West Face of Snowmass from Geneva Lake
The S Ridge takes the same approach as the West Face but diverges at Little Gem Lake to tackle the s-curving ridge (hence the name) between the West and South faces of Snowmass Mountain. This route is even shorter than the West Face but has even more complicated, exposed, and loose scrambling, so takes longer to climb. The rock on this route is so loose, actually, that this route is seldom climbed.

Snowmass Mountain lies in the Maroon Bells-Snowmass Wilderness Area and special regulations apply. For example, you are not allowed to camp within 100 feet of lakes or streams. Beware, they will ticket you at the compular camping area at Snowmass Lake so be diligent. You are also not allowed to have fires in most areas within the Wilderness Boundaries. It is also required that you carry a permit which includes all of the rules. Check out this page by  that gives more information about the special regulations of the Maroon Bells-Snowmass Wilderness area.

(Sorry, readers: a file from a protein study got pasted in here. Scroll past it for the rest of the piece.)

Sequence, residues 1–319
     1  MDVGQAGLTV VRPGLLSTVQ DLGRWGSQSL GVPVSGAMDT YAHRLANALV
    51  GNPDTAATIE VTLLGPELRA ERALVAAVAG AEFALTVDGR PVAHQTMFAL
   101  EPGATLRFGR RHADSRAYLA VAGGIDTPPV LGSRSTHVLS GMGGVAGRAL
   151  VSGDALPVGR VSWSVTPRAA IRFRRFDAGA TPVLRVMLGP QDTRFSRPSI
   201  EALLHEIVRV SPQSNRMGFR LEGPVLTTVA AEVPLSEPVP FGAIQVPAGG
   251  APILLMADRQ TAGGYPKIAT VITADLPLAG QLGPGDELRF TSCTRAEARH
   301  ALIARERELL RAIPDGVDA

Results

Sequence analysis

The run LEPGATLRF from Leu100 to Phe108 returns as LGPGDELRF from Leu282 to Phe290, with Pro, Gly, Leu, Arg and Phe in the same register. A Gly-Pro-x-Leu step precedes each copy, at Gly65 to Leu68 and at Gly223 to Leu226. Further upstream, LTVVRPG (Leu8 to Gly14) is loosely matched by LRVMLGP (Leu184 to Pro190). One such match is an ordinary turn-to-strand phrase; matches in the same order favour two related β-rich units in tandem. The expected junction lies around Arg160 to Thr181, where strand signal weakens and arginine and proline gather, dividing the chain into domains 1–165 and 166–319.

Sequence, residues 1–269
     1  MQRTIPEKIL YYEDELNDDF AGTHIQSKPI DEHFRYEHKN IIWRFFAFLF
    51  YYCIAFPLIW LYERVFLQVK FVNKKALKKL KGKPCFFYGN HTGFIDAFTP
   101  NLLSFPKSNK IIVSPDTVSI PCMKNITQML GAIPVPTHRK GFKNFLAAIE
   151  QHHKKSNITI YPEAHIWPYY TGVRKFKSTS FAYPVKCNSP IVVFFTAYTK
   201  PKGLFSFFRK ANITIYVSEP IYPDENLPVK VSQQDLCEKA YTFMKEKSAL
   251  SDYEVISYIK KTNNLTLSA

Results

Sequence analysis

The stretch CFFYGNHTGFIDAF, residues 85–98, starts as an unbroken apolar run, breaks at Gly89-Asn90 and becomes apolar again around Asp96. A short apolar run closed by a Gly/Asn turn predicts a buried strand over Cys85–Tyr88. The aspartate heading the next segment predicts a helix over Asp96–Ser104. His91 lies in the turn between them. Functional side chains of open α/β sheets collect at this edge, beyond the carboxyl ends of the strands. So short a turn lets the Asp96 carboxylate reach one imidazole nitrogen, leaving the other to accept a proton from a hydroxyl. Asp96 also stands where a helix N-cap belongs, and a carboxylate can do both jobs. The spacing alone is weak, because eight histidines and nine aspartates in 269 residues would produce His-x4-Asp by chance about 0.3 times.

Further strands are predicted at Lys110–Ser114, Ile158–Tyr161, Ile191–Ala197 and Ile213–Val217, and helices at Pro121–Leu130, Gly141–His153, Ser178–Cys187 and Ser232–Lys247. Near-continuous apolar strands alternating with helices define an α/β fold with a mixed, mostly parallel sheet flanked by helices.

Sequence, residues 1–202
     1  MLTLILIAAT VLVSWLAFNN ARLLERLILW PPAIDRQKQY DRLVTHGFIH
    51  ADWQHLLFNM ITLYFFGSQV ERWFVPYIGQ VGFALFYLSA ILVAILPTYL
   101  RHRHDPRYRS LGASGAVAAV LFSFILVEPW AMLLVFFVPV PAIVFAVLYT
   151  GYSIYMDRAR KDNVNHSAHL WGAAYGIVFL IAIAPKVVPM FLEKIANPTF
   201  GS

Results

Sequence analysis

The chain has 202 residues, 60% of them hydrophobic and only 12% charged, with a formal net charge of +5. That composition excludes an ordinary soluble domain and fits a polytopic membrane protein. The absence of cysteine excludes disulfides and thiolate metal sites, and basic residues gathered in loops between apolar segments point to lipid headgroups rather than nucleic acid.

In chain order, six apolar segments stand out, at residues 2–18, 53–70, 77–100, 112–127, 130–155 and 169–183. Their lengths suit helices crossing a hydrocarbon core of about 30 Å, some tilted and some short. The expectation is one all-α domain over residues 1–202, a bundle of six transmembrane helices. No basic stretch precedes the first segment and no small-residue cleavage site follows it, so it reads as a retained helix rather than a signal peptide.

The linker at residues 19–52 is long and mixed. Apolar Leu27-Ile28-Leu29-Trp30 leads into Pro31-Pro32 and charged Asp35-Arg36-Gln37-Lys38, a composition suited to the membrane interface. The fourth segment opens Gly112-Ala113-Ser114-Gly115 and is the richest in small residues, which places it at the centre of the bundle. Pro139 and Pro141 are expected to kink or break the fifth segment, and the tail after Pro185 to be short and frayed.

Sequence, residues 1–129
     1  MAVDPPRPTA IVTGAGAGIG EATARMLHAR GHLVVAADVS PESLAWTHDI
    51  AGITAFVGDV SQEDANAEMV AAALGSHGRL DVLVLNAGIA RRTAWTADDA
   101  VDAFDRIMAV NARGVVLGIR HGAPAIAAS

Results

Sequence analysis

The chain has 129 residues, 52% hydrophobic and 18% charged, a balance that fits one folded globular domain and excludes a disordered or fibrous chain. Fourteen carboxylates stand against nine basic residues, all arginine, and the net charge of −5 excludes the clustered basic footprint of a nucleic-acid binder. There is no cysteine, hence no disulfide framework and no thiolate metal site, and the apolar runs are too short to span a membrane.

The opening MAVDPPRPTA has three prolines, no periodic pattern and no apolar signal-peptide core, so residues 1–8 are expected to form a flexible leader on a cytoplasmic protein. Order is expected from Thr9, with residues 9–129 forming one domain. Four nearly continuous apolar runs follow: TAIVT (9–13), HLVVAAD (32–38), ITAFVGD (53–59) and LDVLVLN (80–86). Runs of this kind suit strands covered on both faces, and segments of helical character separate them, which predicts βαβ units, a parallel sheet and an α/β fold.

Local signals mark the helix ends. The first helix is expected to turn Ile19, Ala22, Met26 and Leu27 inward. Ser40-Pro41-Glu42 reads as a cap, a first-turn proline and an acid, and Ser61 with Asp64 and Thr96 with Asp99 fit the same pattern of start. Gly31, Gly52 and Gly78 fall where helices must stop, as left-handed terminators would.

Snowmass Peak and Lake
Snowmass Mounain, Geneva Lake, & the Four Pass Loop-a narrative of a 7 day backpack trip on the Four Pass Loop with an extension out and back to Geneva Lake and culminating in an ascent of the East Slopes Route to the summit.

Snowmass Mountain on a user-created site with lots of good information. This page includes information about a variety of routes on Snowmass Mountain.

Snowmass Mountain on the most popular website dedicated solely to Colorado's 14ers. This page includes details information and photographs about Snowmass Mountain and its primary routes.

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1 comment:

  1. The S Ridge is actually pretty solid. Beautiful white granite, and although there is a lot of blocks to move around, I found very few that were loose compared to the rest of the West Face. One of the best routes of any of the 14ers, to be sure!